2. The URL of the search, with %s standing for the word for which you search. For Firefox, this goes into the “Location” field in the dialog. For IE, this goes into the “URL” field in the dialog.

So, here are some Quick Searches that I find useful (the mnemonics are just ones I use, you are free to choose others). Also I have put example links so you can see what will you get if you type that example.

• Stanford Philosophy Encyclopedia (or some other site) (“st belief“)
For searching of sites you can use google site search. For example I don’t like SEP search very much, so I use google site search instead:


So, when I want to search SEP for “belief”, I just press Ctrl+L (or F6) and write “st belief”.

If you want to create quick search for some other site you can change the “” to the address of that other site (without http part).

Internet Movie Database (“imdb Children of Men“)

Amazon (“am Gestalt Kohler“)
(for IE, seems that instead “%3D” you need “%%3D” in the URL)

Google Define (“d encephalomalacia“)
(again for IE, instead of “%3A”, you need “%%3A” in the URL)
BTW, Google define is nice way to search for short explanation of some word. It gives a bunch of links where the word is defined and short exempts from them.

Google Translate (“de Lebenswelt” ??)
(Again in IE, instead of “%7C”, you need “%%7C”)
After you add this quick search, you can for example go to the address bar with F6 (or ctrl+L), and write there “de Lebenswelt”, and check what it means in English.
BTW, to specify the direction of translation, and custom languages in the “de%7Cen” part of the URL, just change the bold parts with the required languages. For example, English to German would be “en%7Cde“, Spanish to French “es%7Cfr“, and so on. (Again for IE, you need two percentage signs). Also “pt” is for Portuguese, “it” for Italian, “ru” for Russian.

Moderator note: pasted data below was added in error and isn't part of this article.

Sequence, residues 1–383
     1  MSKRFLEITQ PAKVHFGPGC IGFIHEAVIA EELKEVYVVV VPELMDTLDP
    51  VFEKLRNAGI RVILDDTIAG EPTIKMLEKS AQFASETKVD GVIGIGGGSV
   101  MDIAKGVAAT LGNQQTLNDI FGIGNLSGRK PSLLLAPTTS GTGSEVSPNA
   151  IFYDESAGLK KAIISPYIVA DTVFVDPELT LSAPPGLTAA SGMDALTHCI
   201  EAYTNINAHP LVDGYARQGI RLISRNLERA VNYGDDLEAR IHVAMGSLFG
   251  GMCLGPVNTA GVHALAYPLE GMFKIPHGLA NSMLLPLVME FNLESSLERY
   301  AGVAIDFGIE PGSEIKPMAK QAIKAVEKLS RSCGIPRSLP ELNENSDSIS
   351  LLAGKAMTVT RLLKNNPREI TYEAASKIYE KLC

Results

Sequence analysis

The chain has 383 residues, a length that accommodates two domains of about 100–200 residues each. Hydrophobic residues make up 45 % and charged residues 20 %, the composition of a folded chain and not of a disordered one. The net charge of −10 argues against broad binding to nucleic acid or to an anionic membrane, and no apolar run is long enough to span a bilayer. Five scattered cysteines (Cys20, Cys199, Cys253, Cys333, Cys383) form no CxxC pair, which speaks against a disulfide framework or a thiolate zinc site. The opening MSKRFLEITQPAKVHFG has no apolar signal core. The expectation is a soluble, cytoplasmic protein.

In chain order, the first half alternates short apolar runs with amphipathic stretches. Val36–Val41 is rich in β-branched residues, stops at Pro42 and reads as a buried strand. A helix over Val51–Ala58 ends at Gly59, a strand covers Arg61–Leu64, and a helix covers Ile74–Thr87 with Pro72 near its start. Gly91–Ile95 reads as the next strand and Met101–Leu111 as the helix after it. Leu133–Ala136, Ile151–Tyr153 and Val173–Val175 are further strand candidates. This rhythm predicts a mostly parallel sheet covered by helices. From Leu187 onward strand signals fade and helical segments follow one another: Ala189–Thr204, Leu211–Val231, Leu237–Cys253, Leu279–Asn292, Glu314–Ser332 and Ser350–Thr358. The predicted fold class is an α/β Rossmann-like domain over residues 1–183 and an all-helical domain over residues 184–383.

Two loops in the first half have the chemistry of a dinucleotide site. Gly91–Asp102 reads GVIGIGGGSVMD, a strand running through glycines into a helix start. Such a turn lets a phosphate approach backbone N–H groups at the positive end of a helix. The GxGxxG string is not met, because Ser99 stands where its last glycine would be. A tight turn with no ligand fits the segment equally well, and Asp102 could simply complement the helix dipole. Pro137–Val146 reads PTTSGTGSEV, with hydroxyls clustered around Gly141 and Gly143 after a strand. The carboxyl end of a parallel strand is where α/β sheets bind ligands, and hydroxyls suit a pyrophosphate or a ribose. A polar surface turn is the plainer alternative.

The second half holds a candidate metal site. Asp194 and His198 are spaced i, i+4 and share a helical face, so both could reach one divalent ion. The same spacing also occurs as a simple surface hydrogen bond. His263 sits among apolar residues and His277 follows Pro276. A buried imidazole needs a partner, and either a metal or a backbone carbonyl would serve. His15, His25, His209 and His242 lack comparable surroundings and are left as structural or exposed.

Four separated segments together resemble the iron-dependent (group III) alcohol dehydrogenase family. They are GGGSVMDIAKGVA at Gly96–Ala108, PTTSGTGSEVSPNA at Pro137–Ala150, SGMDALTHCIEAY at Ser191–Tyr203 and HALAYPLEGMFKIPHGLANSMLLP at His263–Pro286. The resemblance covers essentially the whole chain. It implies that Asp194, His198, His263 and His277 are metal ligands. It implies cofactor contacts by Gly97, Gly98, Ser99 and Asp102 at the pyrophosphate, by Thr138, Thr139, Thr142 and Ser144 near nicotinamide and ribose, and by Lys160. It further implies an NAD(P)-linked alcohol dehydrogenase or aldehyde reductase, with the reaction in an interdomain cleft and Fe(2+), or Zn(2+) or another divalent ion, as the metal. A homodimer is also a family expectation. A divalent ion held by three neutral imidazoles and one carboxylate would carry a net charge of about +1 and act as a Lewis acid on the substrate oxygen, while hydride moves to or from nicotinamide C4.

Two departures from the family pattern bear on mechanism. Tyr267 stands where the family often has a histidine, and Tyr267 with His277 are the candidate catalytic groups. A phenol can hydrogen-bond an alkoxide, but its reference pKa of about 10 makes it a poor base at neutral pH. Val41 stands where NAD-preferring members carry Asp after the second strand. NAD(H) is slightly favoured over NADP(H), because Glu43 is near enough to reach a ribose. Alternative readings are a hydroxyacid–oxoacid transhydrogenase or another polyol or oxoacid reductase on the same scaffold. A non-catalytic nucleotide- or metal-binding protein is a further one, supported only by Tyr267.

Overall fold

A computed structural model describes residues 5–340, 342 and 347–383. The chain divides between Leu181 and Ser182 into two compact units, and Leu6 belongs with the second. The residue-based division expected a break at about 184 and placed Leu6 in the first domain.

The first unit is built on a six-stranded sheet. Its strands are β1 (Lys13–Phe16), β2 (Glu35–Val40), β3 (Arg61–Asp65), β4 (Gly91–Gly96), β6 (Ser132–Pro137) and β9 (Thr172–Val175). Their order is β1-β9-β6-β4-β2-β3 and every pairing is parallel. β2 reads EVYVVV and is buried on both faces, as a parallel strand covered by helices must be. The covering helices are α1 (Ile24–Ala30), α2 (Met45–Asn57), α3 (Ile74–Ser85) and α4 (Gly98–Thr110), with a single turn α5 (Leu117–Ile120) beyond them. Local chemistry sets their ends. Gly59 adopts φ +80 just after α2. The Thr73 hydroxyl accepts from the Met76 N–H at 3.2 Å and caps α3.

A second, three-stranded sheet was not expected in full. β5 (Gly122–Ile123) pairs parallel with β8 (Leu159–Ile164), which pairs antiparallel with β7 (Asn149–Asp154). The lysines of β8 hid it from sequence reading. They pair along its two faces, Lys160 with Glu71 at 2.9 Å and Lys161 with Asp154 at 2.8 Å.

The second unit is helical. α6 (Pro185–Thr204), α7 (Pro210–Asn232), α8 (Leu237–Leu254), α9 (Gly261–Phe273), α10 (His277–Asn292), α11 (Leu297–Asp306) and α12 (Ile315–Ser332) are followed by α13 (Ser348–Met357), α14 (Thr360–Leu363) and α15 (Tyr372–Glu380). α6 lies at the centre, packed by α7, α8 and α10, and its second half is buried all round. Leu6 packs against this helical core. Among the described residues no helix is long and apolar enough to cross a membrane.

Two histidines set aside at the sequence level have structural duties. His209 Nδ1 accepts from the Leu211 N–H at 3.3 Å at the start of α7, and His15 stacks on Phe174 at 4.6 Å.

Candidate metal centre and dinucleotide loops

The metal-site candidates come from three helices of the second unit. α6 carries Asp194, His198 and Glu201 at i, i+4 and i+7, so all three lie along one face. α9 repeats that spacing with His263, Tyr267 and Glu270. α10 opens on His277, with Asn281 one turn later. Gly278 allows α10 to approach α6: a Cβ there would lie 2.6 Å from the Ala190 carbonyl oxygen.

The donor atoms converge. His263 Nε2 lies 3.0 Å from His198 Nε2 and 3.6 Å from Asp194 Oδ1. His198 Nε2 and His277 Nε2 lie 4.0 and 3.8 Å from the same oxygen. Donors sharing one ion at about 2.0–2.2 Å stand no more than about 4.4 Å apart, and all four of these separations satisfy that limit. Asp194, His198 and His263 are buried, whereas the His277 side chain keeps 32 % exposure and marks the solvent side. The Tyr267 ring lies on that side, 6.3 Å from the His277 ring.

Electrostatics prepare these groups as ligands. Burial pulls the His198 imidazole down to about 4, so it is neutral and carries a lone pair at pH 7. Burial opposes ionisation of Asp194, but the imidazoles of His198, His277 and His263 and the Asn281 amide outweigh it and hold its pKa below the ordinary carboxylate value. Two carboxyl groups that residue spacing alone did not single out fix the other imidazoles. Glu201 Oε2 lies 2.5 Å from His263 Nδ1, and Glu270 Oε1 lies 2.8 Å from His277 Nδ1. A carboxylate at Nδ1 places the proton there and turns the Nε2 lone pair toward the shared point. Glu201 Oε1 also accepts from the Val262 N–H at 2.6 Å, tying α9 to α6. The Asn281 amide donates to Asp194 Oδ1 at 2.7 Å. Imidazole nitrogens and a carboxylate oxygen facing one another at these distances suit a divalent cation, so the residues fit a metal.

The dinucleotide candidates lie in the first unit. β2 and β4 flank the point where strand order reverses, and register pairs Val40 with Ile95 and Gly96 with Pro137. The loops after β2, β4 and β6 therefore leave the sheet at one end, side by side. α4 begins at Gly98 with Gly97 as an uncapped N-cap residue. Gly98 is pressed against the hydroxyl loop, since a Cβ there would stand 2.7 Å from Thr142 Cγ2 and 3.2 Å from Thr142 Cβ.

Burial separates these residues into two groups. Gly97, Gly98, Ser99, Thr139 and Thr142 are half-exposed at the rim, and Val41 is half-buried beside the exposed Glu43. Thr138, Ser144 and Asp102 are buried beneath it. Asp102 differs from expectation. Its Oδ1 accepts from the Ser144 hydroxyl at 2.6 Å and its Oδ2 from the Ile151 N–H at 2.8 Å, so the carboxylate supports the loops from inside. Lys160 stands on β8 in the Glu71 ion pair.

The Real “Philosophical Investigations”

But A and B don’t have to pass slabs to each other. Probably if they are building something they would pass slabs. But what if A is a Philosopher and B is a Chemist? What kind of language-game would they play? Maybe philosopher can say “Truth Serum”, and the Chemist might hand out a bottle labeled “Truth Serum” to the Philosopher. But why would the Philosopher need a truth serum for? Maybe to play another language game with The Prisoner? After injecting the serum in the Prisoner, we can imagine following language-game:

The Philosopher: Tell me… what is your name?
The Prisoner: My name is XYZ (any name would do)
The Philosopher: Did you see ABC (some other name) yesterday at the party?
The Prisoner: Yes… yes I did.

The Chemist can there express satisfaction by saying “Aha! Told you this serum would work!”, or maybe just scream “AYEEE!”, which would mean “told you this serum would work”. But maybe the Philosopher has something else on mind. A philosophical language-game!

The Philosopher:Did you see him, or do you just *think* that you saw him? Maybe it just seemed to you that you see him!
The Prisoner: I, I,….
The Philosopher: (to the Chemist) “Told you that this serum won’t work!” (Which means “AYEEE!” with an indexical?)

EDIT:I guess for a random visitor a short explanation is in order. There is a book by Wittgenstein called “Philosophical Investigations”. So, basically I chose to play a little with the title (philosopher investigating someone, how about skeptical philosopher?) and the style of the book.